Snacking in between meals can certainly be part of a healthy diet or it can completely derail weight loss goals depending on the type of foods included. In general, the best snacks for weight loss will be high in fiber, protein, and/or omega-3 fatty acids and low in refined sugar and other "empty calories."
No need to wage war with unfulfilling snacks any longer. Refer back to this article for low-calorie snacks that double as the best snacks for weight loss.
How to Fit Snacking Into a Healthy Diet
Before providing explicit examples of healthy snack options, it is important to understand how to properly incorporate them into an eating plan.
Depending on how many calories one's allotted on their eating plan, snacks can serve as a bridge for nutritional gaps. Meaning, that they not only contribute calories but beneficial nutrients like fiber and antioxidants as well. That is, so long as the snacks are nutritionally dense.
Snacking tends to get a bad rap because typical snacks like chips, crackers, and cookies are high in refined sugar/carbohydrates and basically void of nutritional components beyond calories. Eating these types of snacks frequently stalls weight loss and often contributes to weight gain.
However, snacking on foods full of fiber, protein, healthy fats and complex carbohydrates on occasion help increase satiation (fullness feeling) and provide lasting energy to endure the time to the next meal. For reference, spacing meals and snacks two to four hours apart is a solid timing method.
Generally speaking, healthy snacks will include at least one of the following components, but preferably two or more.
Protein is generally responsible for cellular functions including growth, repair, and recovery, and is often dubbed the master nutrient for weight loss. It helps induce satiation and muscle hypertrophy (growth in size) while maintaining metabolic muscle tissue.
Protein is also the most thermogenic of all three macronutrients, meaning the body burns more calories to digest it. This lays a better foundation for weight loss.
Fiber is an indigestible carbohydrate that feeds good gut bacteria, helps reduce bad (LDL) cholesterol, and increases satiation. It comes in two forms, including soluble and insoluble fibers:
• High soluble fiber foods include oats, peas, beans, apples, carrots, and some citrus fruits.
• High insoluble fiber includes whole wheat and whole grains, nuts, potatoes, green beans, cauliflower, and some other vegetables.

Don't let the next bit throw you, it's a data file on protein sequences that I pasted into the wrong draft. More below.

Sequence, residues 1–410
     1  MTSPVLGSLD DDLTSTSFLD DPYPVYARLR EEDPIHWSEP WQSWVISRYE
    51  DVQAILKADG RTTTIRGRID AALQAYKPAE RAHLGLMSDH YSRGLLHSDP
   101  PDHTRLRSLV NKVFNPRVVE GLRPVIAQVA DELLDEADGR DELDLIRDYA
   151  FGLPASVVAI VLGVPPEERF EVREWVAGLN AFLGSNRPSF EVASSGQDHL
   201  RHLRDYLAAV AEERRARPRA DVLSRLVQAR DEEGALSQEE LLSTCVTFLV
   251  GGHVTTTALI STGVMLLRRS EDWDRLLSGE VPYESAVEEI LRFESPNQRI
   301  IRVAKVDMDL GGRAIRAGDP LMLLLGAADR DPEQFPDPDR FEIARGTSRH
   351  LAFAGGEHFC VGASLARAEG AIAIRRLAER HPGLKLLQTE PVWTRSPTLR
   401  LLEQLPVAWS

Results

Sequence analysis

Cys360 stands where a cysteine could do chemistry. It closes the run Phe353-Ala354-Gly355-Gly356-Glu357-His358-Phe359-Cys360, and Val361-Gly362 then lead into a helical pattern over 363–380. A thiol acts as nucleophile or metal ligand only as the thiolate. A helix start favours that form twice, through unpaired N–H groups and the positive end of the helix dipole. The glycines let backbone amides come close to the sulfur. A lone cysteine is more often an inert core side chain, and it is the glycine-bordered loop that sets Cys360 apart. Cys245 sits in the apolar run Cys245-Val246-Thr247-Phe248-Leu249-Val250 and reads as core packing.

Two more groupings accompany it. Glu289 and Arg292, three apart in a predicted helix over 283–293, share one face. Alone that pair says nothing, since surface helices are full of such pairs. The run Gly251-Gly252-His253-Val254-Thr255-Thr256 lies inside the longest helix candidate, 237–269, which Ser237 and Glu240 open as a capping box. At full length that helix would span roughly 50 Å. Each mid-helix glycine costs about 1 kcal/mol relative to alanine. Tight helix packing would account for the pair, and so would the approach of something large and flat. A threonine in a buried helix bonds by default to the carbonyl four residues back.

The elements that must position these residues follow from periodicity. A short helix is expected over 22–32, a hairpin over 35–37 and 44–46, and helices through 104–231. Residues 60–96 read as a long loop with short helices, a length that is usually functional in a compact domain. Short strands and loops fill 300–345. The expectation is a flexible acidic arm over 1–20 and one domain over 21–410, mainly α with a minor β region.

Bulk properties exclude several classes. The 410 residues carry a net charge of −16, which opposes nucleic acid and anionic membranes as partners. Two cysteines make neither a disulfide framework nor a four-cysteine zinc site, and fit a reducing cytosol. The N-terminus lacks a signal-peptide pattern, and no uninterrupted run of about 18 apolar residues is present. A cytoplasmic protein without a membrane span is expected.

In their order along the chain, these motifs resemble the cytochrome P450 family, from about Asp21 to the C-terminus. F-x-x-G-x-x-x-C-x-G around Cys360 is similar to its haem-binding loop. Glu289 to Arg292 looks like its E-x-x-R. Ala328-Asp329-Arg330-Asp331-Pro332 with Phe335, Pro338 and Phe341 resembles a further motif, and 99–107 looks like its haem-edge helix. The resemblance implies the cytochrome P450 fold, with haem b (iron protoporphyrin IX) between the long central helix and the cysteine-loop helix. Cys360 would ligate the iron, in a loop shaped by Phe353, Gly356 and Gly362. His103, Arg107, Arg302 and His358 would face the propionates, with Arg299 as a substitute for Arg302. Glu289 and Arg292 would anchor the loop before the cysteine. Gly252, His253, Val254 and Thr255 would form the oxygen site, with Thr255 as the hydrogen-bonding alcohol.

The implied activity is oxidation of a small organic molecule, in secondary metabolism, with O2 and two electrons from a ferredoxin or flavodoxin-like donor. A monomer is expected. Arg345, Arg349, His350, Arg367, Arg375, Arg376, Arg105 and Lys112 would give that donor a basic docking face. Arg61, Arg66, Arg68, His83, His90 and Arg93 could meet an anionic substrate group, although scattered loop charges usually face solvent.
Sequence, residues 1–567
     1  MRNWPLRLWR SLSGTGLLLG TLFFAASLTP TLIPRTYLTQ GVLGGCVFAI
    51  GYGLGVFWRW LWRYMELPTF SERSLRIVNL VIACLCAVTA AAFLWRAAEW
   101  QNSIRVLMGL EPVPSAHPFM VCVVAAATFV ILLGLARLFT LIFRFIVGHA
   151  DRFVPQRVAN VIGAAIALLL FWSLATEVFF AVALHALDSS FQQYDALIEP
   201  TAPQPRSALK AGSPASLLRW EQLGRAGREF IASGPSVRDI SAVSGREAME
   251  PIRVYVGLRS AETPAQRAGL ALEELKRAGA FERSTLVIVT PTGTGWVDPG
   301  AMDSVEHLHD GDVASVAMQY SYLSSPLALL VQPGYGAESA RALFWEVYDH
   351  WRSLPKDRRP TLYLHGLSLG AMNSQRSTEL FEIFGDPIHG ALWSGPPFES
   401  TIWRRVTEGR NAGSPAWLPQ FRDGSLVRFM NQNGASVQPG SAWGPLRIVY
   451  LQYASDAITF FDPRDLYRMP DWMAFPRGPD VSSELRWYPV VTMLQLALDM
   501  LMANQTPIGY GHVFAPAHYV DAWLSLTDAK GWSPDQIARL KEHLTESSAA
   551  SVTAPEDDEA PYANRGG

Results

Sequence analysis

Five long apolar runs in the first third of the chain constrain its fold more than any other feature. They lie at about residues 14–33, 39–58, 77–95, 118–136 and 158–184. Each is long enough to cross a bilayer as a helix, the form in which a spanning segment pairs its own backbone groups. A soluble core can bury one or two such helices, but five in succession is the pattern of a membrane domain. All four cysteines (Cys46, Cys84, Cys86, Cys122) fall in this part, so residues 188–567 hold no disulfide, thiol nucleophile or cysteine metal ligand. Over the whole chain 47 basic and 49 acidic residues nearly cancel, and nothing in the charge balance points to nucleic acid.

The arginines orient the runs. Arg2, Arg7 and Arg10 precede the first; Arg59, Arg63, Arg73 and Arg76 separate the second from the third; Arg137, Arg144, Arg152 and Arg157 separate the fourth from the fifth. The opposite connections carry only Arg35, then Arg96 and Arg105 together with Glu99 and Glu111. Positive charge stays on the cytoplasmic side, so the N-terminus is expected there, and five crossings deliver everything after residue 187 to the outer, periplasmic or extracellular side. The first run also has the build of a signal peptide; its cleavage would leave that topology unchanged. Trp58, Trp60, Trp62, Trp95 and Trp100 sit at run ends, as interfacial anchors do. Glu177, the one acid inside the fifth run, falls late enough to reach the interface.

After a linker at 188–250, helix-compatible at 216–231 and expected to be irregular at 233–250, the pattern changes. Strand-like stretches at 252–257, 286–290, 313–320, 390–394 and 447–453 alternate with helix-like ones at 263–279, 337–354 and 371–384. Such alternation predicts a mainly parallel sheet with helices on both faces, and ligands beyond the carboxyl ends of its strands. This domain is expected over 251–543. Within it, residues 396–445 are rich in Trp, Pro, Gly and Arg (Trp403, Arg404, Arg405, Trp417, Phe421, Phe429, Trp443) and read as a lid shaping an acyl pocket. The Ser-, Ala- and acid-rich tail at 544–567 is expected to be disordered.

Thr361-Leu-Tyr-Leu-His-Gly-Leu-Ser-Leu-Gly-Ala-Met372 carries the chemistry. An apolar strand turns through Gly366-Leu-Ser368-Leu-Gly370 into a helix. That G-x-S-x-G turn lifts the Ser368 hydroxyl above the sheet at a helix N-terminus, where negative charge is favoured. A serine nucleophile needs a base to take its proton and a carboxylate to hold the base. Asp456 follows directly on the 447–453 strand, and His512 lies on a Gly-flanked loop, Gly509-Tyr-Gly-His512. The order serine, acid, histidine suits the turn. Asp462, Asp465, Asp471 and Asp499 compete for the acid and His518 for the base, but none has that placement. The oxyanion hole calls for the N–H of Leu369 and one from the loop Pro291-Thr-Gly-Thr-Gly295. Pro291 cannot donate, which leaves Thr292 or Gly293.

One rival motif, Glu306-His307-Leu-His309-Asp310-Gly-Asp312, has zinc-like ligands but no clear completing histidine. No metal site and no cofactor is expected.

Many plant sources of fiber include both types, which are similar but have slightly different functions in the body.
Omega-3 Fatty Acids
The term "healthy fats" is often thrown around the wellness community, but what they are really pushing is the consumption of omega-3 fatty acids. This nutrient is a potent antioxidant that also contributes to heart and brain health. It is associated with weight loss and when eaten in appropriate ratios to omega-6 fatty acids, typically leads to weight loss (if needed).
Fatty fish like salmon and sardines contain the highest amount of omega-3 acids. Other high sources include flaxseed, chia seeds, hemp seeds, walnuts, edamame, kidney beans, seaweed, and algae.
Although fiber was already mentioned, complex carbohydrates are the highest source of fiber. They provide quicker energy than protein or fat because the body digests them fastest.
Fiber slows the release of glucose into the bloodstream, but sometimes quick energy is needed. This includes before a workout or in those instances when dinner is in an hour or so but hunger is raging.
Good sources of complex carbohydrates include oats, whole wheat toast, quinoa, sweet potatoes, winter squash, and some granola bars and cereals.
Divided by their caloric amount, take a look at some mature, healthy snacks and keep them in your back pocket – just not literally!
300 Calorie Snacks
The highest calorie snacks, about 300 calories, include unique combos all worth a fair shot!
1 Cup Greek Yogurt + 1 Cup Cereal or 1/3 Cup Granola
Unsweetened Greek yogurt is high in protein, which slows the digestion of readily absorbable cereal or granola. The latter sweetens the bitterness of the yogurt and together, they make for a deliciously satiating snack.
Be wary of plant-based yogurts made from cashews, almonds, or coconut as they are high in fat and carbohydrates but low in protein. It is also best to opt for unsweetened versions void of added sugar. If too bitter, reduce the portion of cereal or granola and add some honey or maple syrup for a touch of natural sweetness.
1/2 Cup Raw Veggies + 1/4 Cup Pita Chips + 1/3 Cup Guacamole
This trifecta offers fiber and healthy monounsaturated fats along with a dose of carbohydrates that will maintain satiation for hours. Plus, the combination of crunchy and creamy is like a party for the tastebuds!
Carrots, celery, cucumbers, and bell peppers make great dippers while garlic, cilantro, and lime juice flavor homemade guacamole superbly. Homemade guacamole tends to fare better than store-bought versions filled with additives and preservatives.
And, making guac from scratch provides the opportunity to make it as customizable as desired with ingredients like red pepper, onion, scallions, and salsa.
Sardines and Seed Crackers
Sardines are not typically at the top of many people's favorite food list… However, sardines are truly one of the most nutrient-dense foods to eat.
Gram for gram, they boast some of the highest omega-3 fatty acid content and nearly 25 grams of protein for 150 calories. They are also inexpensive $0.80 to a dollar at many regular grocery stores.
While it can take a couple of tries to enjoy their potent fishiness, stick to it as it can take 7 to 20 tries to fully determine if something tastes good. Always opt for sardines in water rather than soybean oil, mustard sauces, or even hot sauces as those versions mitigate some of their nutritional punch.
Graduate from empty carbohydrate crackers to nut-based or seed crackers that also contribute healthy fats and balance blood sugar. These kinds of crackers are beginning to stock shelves of regular supermarkets and the like or can be bought in bulk from Amazon Whole Foods or online services like Thrive Market.
Loaded Avocado Toast
Mimicking more of a meal, loaded avocado toast is great for those instances when you are more than snack-hungry but not quite meal-hungry. This could also serve as a small meal on a day where you indulged in a luxurious lunch and want to balance total calories.
When making this snack, opt for whole wheat breads that supply at least 5 grams of fiber. Use half to the whole avocado depending on the size of the bread and any other toppings. For example, if adding ingredients like tomato or olive oil, use half the avocado to remain in this 300-calorie tier.